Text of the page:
Can a kitchen be beautiful yet practical? Sophisticated yet approachable? Neutral yet warm? Read on!

Over the past few years, I’ve featured various house tours. One of my favorites and yours, according to the many pins from Pinterest, is Tracey’s kitchen; you’ll remember it shown here in 2012.

Tracey, my dear friend and client, gutted the dated 1980s kitchen in her historic Mediterranean-style home as part of a major house renovation. She and her husband worked with Muse Architects on the project. In designing the new kitchen, Tracey looked to France for inspiration, and sourced many reclaimed items for character and patina. Above all, she designed it to be functional and practical for her family of five plus two doggies.

Let’s revisit this kitchen to find out how it’s held up, and check out what’s new amongst the old. Let’s also peek into some of the adjoining rooms.

Back in 2012, the space above the Lacanche range was plain drywall. Look at the charming tiles from Ken Mason Tiles now! They are handmade terra-cotta tiles with sought-after imperfections in the glaze pigments and profile. Tracey wanted something subtle to complement the warm limestone countertops as well as the soulful terra-cotta floor tiles reclaimed from France.The simple tiles also do not compete with the stunning steel hood accented with an usually small fireback from the 19th century. During the 18th – 19th centuries, iron firebacks were commonly placed in the backs of fireplaces to reflect and radiate heat into rooms – effective even after the fires have died down.

The pair of Ca. 1940s factory lights are from my shop; I brought those back from France. Together with the steel hood and French Tolix stools, these pieces give the kitchen a casual, industrial vibe that’s unexpected with the luxurious Lacanche range.
The 2″ thick Massangis Jaune Clair limestone countertops have held up very well; they’ve taken on a mellow patina. I asked about stains, watermarks and scratches, and Tracey told me none of those have been issues. Her family does not use coasters, by the way. The countertops are sealed when needed. Plus, any mark would only enhance the character of the limestone with its natural veining and specks of fossils.This kitchen is not just for show, it serves an active household that really cooks. There is anywhere from five – fourteen for dinner every Sunday night. With open shelving, two sinks and nothing precious, this is a family-friendly kitchen.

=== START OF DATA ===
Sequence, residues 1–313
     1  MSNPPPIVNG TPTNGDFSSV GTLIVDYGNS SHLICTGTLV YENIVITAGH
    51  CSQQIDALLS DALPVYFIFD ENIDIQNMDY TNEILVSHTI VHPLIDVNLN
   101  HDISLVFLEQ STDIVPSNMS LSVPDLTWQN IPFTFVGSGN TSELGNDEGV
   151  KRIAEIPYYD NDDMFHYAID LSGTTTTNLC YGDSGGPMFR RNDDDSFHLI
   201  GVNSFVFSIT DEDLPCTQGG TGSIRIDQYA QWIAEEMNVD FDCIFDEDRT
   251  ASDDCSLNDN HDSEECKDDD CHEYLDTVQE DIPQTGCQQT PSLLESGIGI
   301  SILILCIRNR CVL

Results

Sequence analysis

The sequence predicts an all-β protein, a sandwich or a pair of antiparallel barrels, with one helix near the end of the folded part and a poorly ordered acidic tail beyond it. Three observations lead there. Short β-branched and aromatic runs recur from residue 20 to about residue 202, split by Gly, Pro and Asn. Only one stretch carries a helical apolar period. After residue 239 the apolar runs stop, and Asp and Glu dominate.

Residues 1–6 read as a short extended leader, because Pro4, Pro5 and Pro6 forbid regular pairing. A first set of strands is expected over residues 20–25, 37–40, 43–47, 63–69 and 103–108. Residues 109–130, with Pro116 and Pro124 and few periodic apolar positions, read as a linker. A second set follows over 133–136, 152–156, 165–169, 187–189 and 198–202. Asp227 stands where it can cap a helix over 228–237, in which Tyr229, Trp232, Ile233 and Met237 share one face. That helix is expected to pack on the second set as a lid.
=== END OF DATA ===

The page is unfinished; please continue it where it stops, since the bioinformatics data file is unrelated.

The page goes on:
Here are two of the youngest members of the household: Peter and puppy Oscar!
BELOW: Tracey sitting in the adjoining breakfast room with a wall of pantry cupboards made of the same cypress wood as the kitchen cabinets. Notice the stepback sides, which is a clever way to break up the horizontal expanse. Check out the 11′ ceiling.Speaking of ceiling, old pine beams reclaimed from Vermont were installed. In addition to being beautiful, they bring texture and coziness to the soaring ceilings; also a feeling of old to the renovated spaces.

Light fixtures from Aldo Bernardi were imported from Italy. Aren’t these sculptural?
Behind the kitchen is the renovated mudroom with the same antique terra-cotta flooring. It’s ochre-beige tone warms up the crisp cabinetry, as well as being very forgiving – it shows very little dirt. This is a small room that feels more spacious thanks to the light palette. For storage, there are airy, open niches and cubbies on two sides of a built-in; the third side features closets for seasonal coats. Notice the glass door which maximizes natural light.
The final space off the kitchen is a long hall leading to the stately foyer with a floating staircase. There are French doors painted in the same (custom) blue color as the mudroom door.
Tracey made this grand space less formal by furnishing it casually. Flanking the front doors is a pair of 19th-century Swedish painted chests from Tone on Tone. Also from my shop is this 18th-century Swedish daybed from the Gustavian Period. The staircase runner is wool, and the area rug is sisal with a diamond pattern.
And above are peeks of the new potager garden with raised beds for herbs and veggies.Many, many thanks to Tracey and her family for allowing me to share their special home once again!

Until next time –